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Regulatory bodies and authoritative dictionaries for English
Creating a new word
What are the criteria to adopt new words into English?

I've always been told, at least in English class, that English is so complicated for non-native speakers to learn and has a variety of flaws.

These teachers also point out that English's greatest strength is picking up new words. I know we assimilate words from other languages, 'promote' words from slang to standard and sometimes just come up with new words.

Opinions of educators aside, how is it that words get added to the language? Does someone call up the folks that write the Oxford English dictionary or what?

Edit in response to Callithumpian's comment: that's good to know about the Oxford folks, but what about any other standardization groups? If not, how does it usually happen that new words trickle in to different official publications? I've never heard of any International Society of English or anything like that. On the other hand, I haven't looked terribly far.

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marked as duplicate by RegDwigнt May 13 '11 at 8:45

This question has been asked before and already has an answer. If those answers do not fully address your question, please ask a new question.

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I think question is better suited for the people at Linguistics: area51.stackexchange.com/proposals/6673/linguistics –  MikeVaughan May 12 '11 at 23:38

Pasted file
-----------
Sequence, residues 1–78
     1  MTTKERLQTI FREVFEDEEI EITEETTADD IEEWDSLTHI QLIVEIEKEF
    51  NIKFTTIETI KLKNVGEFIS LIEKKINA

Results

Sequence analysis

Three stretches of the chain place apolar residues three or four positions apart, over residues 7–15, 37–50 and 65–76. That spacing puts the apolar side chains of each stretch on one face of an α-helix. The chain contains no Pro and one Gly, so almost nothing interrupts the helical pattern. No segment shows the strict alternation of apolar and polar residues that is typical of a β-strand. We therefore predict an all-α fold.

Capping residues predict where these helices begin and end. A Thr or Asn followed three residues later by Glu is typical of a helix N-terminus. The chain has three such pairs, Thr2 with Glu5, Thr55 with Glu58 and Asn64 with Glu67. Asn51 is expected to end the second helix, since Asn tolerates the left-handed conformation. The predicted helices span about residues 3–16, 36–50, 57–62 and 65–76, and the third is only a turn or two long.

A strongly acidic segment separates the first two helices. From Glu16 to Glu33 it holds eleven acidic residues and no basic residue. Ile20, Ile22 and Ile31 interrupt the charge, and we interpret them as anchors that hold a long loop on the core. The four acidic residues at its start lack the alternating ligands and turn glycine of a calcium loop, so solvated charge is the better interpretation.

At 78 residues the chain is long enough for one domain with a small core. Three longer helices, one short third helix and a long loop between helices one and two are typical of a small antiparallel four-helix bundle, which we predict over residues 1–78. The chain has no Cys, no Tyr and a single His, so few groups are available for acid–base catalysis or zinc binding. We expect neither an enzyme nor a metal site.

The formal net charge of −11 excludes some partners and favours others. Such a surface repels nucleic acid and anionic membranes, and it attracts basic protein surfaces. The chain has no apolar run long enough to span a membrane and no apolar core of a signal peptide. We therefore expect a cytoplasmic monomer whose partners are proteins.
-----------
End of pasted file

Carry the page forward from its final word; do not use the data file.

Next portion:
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Not yet, but shortly. –  Callithumpian May 13 '11 at 0:21
    
@Mike: sounds good, if it gets to beta, I'll ask for migration –  Garet Claborn May 13 '11 at 0:36
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I think you misunderstand the status of the OED. The authors of the OED really aren't a "standardisation group"-- they're just a bunch of people compiling a dictionary for a commercial organisation with the purpose of making money. –  Neil Coffey May 13 '11 at 4:38

3 Answers 3

Short answer: no.

Long answer: well, yes, but it’s not ‘official’, and it involves getting a awfully big number of people to say the word you want to be included. This way relies on the notion that language is a social product. If your definition of language is the thing in grammars and dictionaries, then Kit’s answer is the way to go.

The linguists that make up OED use the criterion of only including words that are widely spoken for a reason: since English is a language, and languages are useless without people to speak them—that is, a society—words are part of a language when people are using them (or when they have historical relevance).

One can argue that words (and, why not?, expressions) such as “lolspeak” are widely spoken—think of the number of people accessing 4chan—and, indeed, these words are part of the register of a community of speakers. For a couple of reasons dictionaries don’t include every word that comes into existence:

  • They may not last long;
  • Paper is expensive;
  • They often represent the standard language (more on that bellow).

There are attempts to help spread and define what’s new, notably the Urban Dictionary. They’re wild enough to keep track of the great number of new words created every year, but not reliable to everything nor as careful as a traditional dictionary.